Epidural Injections

Why do I need an epidural injection?

When symptoms of pain are the result of spinal problems, an epidural injection may be considered. The pain may be the result of an injury, accident, surgery, or normal age-related degeneration of the spine. The pain can be present in the neck (Cervical Spine), the mid back (Thoracic Spine), or the low back (Lumbar Spine). Different approaches can be used to inject into the spine (Transforaminal, Caudal, Intralaminar). Typically, epidural steroid injections are more commonly used to treat disc herniations and spinal stenosis.


How does an epidural injection work?

When the spine is injured, diseased, or degenerated, mechanical and chemical changes can cause inflammation and swelling of the nerve. The injection of numbing medication (local anesthetic) or saline combined with a steroid can be used to reduce inflammation. This treatment is usually administered in a series of three injections. If relief is not obtained after two injections, other treatment options may be considered.


How is an epidural injection performed?

A number of approaches can be used to perform epidural steroid injections. Which one is used depends on the specific problem. The patient may or may not receive sedation. During this procedure, the patient is positioned on an x-ray table. If fluoroscopy is not deemed necessary or not available, the patient may be positioned in a sitting position at the bedside. The skin is then numbed with a local anesthetic and the needle is inserted in the proper position. Fluoroscopy is used to precisely place the needle.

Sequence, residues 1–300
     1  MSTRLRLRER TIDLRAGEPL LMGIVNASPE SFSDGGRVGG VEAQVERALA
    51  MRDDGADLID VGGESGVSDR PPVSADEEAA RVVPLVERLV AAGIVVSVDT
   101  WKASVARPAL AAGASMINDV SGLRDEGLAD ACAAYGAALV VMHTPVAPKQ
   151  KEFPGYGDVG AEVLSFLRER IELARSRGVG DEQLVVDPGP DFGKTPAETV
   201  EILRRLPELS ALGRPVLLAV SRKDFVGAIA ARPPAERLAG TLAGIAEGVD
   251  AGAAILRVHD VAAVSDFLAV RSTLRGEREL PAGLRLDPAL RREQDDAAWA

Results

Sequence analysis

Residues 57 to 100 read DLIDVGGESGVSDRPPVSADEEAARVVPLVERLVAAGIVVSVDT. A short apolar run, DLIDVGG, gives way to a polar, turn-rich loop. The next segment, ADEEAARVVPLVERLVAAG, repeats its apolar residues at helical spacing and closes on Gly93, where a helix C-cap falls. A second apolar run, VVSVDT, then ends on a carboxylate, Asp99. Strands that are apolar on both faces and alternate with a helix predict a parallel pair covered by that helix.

What are the potential risks?

As with any invasive procedure, there is a risk of infection and bleeding at the injection site. The patient may also experience a spinal headache.


What should I expect following the procedure?

In most patients, pain relief is noted within two to seven days. It is common to have localized pain at the site of the injection for one to five days. There is the possibility that low back and leg pain could increase until the steroids take effect and relief is experienced. This procedure is most effective when combined with other methods to control pain, which may include physical therapy, medication management, weight loss, smoking cessation, and other recommended interventions.